It ain’t over folks. Meet and Eat at Lee’s Garden was selected by the Austin Asian American Film Festival which runs from June 4-20, 2021. It was rejected by a handful of other film festivals but I’m expecting a response from 17 others throughout the year.

I’ll keep you posted.

If you’re in Canada, you can watch Meet and Eat at Lee’s Garden on CBC through their GEM app.

Celebrating 150 Years of Canada

With Canada celebrating 150 years, my friends, Jean, May, Celia and Wanda and I 20170701_112346decided to brave the rain forecast, and  see the parade and the festivities at the Old Port. With a rain jacket and an umbrella tucked into my backpack, I met them at the corner of Peel and St. Catherine where the parade would turn down on the homestretch. Continue reading

The Giants are in Montreal

There are some huge celebrities here to celebrate Montreal’s 375th birthday, and I really mean huge.

The Giants are in town for the weekend. Not the football team. The Giants of the Royal De Luxe company are marionettes from France. There are three of them: The Sea Diver which is the largest, a Little Girl, which is the diver’s niece, and her dog. This is their first appearance in Canada.

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It takes a lot of people to manipulate them and watching them work is as fascinating as the marionettes themselves.  Continue reading

Montreal Celebrates the Year of the Rooster

I dropped by Chinatown this afternoon where the celebrations for the New Year were taking place. The Montreal Chinese Lion Dance Club was performing the ritual dance in front of various stores in Chinatown to wish them luck and good fortune for the new year. Here’s a short clip.

I wish you all good fortune for the Year of the Rooster!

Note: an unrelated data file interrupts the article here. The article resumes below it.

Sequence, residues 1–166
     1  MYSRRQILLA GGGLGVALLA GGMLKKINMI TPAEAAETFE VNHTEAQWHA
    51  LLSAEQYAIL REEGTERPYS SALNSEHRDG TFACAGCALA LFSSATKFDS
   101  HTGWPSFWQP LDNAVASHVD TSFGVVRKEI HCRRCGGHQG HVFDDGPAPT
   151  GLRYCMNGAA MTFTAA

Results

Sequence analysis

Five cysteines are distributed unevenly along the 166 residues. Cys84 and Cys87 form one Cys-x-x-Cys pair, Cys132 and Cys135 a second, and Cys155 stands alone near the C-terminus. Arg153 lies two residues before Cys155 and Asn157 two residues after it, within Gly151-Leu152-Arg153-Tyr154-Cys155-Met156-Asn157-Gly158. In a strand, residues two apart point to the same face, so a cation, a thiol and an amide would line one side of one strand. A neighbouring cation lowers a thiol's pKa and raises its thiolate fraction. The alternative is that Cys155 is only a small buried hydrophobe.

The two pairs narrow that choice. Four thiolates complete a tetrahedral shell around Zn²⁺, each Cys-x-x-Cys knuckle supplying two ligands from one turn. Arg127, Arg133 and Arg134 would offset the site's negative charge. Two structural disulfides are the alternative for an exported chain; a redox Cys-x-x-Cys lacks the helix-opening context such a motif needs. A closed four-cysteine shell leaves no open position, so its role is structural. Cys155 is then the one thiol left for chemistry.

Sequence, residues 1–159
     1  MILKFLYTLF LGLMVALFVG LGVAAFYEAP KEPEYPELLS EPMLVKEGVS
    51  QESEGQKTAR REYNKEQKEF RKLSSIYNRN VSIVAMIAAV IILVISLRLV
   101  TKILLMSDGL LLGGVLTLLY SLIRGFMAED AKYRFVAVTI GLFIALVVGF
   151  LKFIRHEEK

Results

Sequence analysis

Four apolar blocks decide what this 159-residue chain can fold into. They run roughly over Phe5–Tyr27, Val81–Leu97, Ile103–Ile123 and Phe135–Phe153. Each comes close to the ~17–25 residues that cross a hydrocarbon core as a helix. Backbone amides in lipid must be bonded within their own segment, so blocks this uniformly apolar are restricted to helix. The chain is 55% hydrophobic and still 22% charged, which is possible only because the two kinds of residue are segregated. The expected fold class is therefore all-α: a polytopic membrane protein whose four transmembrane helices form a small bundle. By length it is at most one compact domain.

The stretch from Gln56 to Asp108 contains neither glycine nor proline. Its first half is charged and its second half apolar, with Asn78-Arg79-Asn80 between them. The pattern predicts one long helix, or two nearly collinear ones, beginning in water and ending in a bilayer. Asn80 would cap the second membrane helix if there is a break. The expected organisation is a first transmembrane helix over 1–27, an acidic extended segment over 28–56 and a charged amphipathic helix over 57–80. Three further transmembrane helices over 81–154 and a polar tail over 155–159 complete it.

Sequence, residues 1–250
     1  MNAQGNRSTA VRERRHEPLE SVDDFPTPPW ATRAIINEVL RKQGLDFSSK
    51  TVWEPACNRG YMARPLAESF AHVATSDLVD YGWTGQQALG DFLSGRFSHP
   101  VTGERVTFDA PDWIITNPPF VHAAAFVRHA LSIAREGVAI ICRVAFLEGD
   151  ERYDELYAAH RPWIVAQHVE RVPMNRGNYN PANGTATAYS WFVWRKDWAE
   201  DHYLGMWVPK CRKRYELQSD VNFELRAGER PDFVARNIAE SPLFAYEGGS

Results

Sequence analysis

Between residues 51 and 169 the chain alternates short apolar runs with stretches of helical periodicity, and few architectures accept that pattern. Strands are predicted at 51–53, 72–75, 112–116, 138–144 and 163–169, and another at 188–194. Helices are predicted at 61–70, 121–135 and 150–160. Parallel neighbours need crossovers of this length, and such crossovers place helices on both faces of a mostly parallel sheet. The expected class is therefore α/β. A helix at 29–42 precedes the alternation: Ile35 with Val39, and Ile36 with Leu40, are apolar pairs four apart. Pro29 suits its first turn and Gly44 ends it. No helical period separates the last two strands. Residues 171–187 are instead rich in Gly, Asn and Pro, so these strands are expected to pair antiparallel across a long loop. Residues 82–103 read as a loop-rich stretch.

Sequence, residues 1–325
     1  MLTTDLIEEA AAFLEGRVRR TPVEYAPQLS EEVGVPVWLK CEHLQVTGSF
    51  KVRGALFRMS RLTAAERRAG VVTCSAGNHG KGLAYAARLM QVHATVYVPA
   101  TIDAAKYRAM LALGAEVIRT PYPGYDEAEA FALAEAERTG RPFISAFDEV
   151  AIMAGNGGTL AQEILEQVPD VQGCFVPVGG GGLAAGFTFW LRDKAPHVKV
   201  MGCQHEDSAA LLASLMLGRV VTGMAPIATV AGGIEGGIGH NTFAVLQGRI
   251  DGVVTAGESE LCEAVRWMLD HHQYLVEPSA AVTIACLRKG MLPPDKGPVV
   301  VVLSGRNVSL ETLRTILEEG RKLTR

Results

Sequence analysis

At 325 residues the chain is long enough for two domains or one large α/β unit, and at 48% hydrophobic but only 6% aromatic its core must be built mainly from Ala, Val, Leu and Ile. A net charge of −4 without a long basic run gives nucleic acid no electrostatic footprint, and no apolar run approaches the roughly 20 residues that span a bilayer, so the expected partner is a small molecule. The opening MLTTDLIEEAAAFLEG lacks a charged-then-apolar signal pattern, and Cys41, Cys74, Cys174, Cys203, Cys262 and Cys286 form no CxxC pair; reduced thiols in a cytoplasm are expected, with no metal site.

Bye Bye 2016

To celebrate the arrival of 2017, my friends and I checked out the free festivities at the Old Port. I’ve spent many New Year’s Eves on a sofa with the remote control watching the ball drop in Times Square and fireworks around the world. This time, I decided it would be a good start to the New Year to get off the sofa, put on the long underwear, and brave the cold and the crowds.  Continue reading

A Charlie Brown Christmas Tree

T20161210_170937.jpghere has been so much ridicule surrounding Montreal`s challenger to the Rockefeller Center Christmas tree that I went downtown and had a look for myself. Yes, it is a Charlie Brown tree. It’s skinny and not as full and pretty as the one in New York (which I heard is actually made up of 3 trees wired together), but when lit up at night, I think it’s beautiful and does its job well, which is to bring people together to celebrate the holiday season.

Speaking of Charlie Brown, my absolute favorite Christmas album is A Charlie Brown Christmas by the Vince Guaraldi Trio. You can listen to it below. Continue reading

It’s a Barbie World

One of the most famous names in the world now has a permanent home in Montreal. Barbie Expo is the largest permanent exhibit of Barbie dolls in the world and is open to the public for free at Les Cours Mont Royal. I had a Barbie doll when I was a kid and it was one of my favorite toys. I loved the dresses my mom made for her out of scrap material. They weren’t as fancy as Mattel couture, but I thought they were beautiful. The Barbies in this exhibit wear outfits designed by top designers such as Vera Wang, Bob Mackie, Christian Dior, Calvin Klein and Versace. With dolls that resemble Beyonce, Barbara Streisand, Jennifer Lawrence, Lucille Ball and more, the exhibit is a fascinating commentary on fashion and pop culture.

Continue reading